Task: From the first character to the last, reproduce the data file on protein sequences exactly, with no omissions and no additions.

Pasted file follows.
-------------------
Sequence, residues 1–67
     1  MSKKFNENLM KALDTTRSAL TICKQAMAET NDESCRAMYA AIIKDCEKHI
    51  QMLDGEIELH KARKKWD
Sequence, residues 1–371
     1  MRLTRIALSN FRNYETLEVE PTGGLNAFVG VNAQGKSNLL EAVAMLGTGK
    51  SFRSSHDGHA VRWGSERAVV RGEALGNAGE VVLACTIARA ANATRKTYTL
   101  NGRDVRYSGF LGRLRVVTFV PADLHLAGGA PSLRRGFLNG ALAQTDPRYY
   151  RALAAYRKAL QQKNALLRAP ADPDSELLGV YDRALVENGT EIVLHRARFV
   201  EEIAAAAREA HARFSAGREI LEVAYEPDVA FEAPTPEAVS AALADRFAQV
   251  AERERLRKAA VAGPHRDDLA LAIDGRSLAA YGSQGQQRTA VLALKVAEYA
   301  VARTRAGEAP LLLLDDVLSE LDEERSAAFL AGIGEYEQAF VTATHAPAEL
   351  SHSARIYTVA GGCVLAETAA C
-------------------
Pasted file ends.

Sequence, residues 1–67
     1  MSKKFNENLM KALDTTRSAL TICKQAMAET NDESCRAMYA AIIKDCEKHI
    51  QMLDGEIELH KARKKWD
Sequence, residues 1–371
     1  MRLTRIALSN FRNYETLEVE PTGGLNAFVG VNAQGKSNLL EAVAMLGTGK
    51  SFRSSHDGHA VRWGSERAVV RGEALGNAGE VVLACTIARA ANATRKTYTL
   101  NGRDVRYSGF LGRLRVVTFV PADLHLAGGA PSLRRGFLNG ALAQTDPRYY
   151  RALAAYRKAL QQKNALLRAP ADPDSELLGV YDRALVENGT EIVLHRARFV
   201  EEIAAAAREA HARFSAGREI LEVAYEPDVA FEAPTPEAVS AALADRFAQV
   251  AERERLRKAA VAGPHRDDLA LAIDGRSLAA YGSQGQQRTA VLALKVAEYA
   301  VARTRAGEAP LLLLDDVLSE LDEERSAAFL AGIGEYEQAF VTATHAPAEL
   351  SHSARIYTVA GGCVLAETAA C